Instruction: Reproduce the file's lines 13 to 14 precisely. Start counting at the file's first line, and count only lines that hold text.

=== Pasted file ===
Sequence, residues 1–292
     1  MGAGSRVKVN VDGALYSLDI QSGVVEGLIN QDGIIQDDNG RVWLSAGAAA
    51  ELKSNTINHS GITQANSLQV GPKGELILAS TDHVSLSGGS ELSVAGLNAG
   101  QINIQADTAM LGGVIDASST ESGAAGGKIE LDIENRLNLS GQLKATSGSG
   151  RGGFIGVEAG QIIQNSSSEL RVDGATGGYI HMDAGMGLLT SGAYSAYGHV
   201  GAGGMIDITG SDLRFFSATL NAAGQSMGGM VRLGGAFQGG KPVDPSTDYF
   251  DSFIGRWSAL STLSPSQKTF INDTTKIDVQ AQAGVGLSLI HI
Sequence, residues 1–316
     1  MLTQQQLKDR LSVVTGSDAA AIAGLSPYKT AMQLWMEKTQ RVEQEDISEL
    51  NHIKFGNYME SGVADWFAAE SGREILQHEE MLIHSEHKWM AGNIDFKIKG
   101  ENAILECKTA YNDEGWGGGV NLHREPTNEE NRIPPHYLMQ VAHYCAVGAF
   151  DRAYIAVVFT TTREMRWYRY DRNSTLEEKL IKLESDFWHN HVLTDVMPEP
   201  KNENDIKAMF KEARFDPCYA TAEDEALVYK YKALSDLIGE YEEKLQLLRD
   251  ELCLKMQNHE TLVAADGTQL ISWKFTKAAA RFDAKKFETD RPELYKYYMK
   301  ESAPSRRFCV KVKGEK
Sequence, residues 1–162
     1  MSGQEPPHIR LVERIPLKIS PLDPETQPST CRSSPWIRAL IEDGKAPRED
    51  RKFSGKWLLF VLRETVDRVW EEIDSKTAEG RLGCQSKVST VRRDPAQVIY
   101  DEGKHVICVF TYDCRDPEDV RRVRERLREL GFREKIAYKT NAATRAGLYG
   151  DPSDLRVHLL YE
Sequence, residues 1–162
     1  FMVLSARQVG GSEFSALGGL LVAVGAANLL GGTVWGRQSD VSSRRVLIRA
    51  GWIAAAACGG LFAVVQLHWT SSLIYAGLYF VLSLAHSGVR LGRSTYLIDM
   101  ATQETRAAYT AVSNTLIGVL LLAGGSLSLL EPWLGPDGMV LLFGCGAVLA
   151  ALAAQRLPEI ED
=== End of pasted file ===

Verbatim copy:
   201  KNENDIKAMF KEARFDPCYA TAEDEALVYK YKALSDLIGE YEEKLQLLRD
   251  ELCLKMQNHE TLVAADGTQL ISWKFTKAAA RFDAKKFETD RPELYKYYMK